A government research lab in Tennessee will deploy a new supercomputer later this year that could put the U.S. back in contention for the top spot on the list of the world's fastest supercomputers.
The Titan supercomputer at the Oak Ridge National Laboratory is on track for completion by autumn, and will deliver between 10 petaflops (10,000 trillion operations per second) and 20 petaflops of peak performance, the ORNL said Wednesday. The initial phase of its development has just been completed, the lab said.
Titan, which is a Cray XK6 system, will be the result of hardware upgrades to ORNL's existing Jaguar supercomputer, which delivers 3.3 petaflops peak performance.
The world's fastest supercomputer today, the K Computer in Japan, delivers a peak performance of 10.51 petaflops, according to the most recent Top500 list of the world's fastest supercomputers. The lists are issued each June and November, and the last U.S. supercomputer to hold the top spot was ORNL's Jaguar in November 2009.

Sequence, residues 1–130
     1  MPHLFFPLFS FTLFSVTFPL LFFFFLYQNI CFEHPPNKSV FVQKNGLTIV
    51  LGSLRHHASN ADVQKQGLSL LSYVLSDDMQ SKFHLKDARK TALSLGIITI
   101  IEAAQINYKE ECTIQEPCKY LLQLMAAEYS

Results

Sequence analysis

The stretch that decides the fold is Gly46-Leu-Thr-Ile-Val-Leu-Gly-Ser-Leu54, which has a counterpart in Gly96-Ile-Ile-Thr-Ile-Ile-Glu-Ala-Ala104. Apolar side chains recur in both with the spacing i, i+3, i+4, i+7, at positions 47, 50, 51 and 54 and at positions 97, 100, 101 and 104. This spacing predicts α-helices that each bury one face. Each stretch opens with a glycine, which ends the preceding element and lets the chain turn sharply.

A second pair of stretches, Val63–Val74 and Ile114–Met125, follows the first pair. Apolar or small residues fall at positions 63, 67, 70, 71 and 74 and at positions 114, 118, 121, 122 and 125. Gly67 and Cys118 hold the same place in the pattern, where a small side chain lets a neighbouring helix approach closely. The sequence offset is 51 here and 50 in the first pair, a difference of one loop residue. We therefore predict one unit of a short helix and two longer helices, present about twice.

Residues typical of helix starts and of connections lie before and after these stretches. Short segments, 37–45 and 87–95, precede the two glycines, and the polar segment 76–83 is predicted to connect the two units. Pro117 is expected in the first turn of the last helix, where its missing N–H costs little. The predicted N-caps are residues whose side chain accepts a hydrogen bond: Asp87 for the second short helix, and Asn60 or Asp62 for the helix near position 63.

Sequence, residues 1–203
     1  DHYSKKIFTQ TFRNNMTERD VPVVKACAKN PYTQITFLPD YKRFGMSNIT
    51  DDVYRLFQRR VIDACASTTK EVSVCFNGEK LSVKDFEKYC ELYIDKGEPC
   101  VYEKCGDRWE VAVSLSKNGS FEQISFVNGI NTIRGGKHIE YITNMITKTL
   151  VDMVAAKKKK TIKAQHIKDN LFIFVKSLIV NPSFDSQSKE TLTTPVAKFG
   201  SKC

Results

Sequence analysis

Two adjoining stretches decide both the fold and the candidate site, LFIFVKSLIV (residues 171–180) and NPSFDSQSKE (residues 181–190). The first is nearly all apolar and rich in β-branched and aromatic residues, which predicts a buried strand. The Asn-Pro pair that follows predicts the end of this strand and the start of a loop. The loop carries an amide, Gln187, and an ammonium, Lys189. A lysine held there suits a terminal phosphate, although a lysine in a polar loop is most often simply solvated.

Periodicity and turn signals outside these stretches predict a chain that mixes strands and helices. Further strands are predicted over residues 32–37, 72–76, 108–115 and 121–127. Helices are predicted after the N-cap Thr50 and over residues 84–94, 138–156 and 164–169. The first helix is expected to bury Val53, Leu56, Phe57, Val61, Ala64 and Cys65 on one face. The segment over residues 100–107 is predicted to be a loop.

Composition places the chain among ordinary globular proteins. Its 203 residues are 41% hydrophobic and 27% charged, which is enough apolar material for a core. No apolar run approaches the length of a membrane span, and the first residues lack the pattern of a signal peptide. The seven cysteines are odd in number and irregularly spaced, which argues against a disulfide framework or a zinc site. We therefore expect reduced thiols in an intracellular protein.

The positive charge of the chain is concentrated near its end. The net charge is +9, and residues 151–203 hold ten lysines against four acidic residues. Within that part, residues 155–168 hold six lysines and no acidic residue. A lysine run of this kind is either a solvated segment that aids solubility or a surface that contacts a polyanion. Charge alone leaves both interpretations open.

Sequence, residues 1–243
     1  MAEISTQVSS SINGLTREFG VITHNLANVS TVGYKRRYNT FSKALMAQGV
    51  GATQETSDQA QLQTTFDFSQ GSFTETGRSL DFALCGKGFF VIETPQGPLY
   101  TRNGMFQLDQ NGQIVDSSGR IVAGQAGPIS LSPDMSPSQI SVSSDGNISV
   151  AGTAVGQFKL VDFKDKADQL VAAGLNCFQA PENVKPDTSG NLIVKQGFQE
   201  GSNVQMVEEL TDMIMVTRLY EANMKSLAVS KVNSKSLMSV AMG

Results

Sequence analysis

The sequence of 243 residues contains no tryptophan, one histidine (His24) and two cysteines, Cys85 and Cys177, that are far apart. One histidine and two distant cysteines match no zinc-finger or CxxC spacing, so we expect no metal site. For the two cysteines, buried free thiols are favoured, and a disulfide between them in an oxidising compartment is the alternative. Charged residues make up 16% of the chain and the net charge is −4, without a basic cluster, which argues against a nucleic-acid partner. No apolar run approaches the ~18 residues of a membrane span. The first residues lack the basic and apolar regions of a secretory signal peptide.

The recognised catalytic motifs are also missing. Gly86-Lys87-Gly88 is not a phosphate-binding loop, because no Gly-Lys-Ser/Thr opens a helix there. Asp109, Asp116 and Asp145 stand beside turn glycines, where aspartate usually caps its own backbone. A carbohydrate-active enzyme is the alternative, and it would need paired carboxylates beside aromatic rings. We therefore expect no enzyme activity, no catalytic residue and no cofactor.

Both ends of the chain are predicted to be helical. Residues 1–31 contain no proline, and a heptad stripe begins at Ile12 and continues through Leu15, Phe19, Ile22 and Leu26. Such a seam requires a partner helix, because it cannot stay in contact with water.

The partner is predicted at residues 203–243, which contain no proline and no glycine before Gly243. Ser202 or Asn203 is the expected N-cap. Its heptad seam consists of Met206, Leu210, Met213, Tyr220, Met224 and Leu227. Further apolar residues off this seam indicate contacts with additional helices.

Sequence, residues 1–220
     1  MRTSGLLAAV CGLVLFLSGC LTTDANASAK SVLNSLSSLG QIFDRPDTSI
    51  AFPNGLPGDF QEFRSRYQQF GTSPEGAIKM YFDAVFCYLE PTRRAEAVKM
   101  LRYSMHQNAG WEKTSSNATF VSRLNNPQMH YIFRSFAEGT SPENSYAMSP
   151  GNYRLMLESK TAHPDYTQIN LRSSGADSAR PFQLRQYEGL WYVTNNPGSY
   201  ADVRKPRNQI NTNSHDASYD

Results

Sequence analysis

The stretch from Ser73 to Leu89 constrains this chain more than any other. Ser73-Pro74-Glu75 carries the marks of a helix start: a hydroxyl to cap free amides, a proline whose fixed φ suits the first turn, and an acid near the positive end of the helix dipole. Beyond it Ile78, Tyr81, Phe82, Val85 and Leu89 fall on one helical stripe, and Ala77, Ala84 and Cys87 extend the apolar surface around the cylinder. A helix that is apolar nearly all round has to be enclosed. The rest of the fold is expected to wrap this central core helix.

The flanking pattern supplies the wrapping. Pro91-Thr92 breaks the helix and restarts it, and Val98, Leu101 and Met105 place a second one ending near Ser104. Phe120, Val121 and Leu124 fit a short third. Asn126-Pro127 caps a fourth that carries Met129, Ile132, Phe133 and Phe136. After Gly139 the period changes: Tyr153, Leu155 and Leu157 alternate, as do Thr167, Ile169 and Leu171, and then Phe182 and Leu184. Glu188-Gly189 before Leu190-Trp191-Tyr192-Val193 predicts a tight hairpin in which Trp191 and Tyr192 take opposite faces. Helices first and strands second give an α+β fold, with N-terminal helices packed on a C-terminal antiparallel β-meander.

Lately, the U.S. has been playing catch-up in the supercomputing race to China and Japan, which have had the fastest systems since early 2010. Russia is building a 10-petaflop supercomputer that will be deployed by the end of 2013, and another supercomputer in the U.S., the 10-petaflop Stampede system, will be operational at the University of Texas in early 2013.
The next big milestone for supercomputers is to reach exaflop performance, which would be about 100 times as fast as today's fastest supercomputers, by 2018.
Titan will combine Advanced Micro Devices' latest 16-core Opteron 6200 CPUs with Nvidia's Tesla graphics processors. The 16-core CPUs replace two existing six-core Opteron chips to provide more general-purpose computing power, while the Nvidia processors will boost specific scientific and math calculations. The system's interconnect and memory are also being upgraded.
Titan will have 299,008 cores and 600 terabytes of memory when completed. Titan was originally announced in October 2011.
Supercomputers allow chip makers to show off the performance of their microprocessors. While AMD may have an edge after Titan is up and running, the Stampede supercomputer will use Intel's upcoming Xeon E5 processors and a co-processor named Knights Corner to accelerate specialized applications.
ORNL is managed by University of Tennessee at Battelle for the U.S. Department of Energy.